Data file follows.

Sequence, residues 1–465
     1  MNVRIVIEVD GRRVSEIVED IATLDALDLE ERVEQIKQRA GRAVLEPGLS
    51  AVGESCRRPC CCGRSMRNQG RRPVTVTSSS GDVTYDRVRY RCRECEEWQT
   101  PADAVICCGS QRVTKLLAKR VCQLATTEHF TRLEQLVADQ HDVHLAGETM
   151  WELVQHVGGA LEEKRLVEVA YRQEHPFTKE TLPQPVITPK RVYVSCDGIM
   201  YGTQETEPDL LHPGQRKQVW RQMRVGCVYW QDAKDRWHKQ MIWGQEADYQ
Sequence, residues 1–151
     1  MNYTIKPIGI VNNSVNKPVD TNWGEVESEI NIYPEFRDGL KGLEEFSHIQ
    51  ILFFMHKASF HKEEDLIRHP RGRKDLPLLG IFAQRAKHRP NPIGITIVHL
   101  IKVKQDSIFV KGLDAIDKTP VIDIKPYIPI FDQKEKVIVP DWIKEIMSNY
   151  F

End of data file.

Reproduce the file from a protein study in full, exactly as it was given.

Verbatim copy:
Sequence, residues 1–465
     1  MNVRIVIEVD GRRVSEIVED IATLDALDLE ERVEQIKQRA GRAVLEPGLS
    51  AVGESCRRPC CCGRSMRNQG RRPVTVTSSS GDVTYDRVRY RCRECEEWQT
   101  PADAVICCGS QRVTKLLAKR VCQLATTEHF TRLEQLVADQ HDVHLAGETM
   151  WELVQHVGGA LEEKRLVEVA YRQEHPFTKE TLPQPVITPK RVYVSCDGIM
   201  YGTQETEPDL LHPGQRKQVW RQMRVGCVYW QDAKDRWHKQ MIWGQEADYQ
Sequence, residues 1–151
     1  MNYTIKPIGI VNNSVNKPVD TNWGEVESEI NIYPEFRDGL KGLEEFSHIQ
    51  ILFFMHKASF HKEEDLIRHP RGRKDLPLLG IFAQRAKHRP NPIGITIVHL
   101  IKVKQDSIFV KGLDAIDKTP VIDIKPYIPI FDQKEKVIVP DWIKEIMSNY
   151  F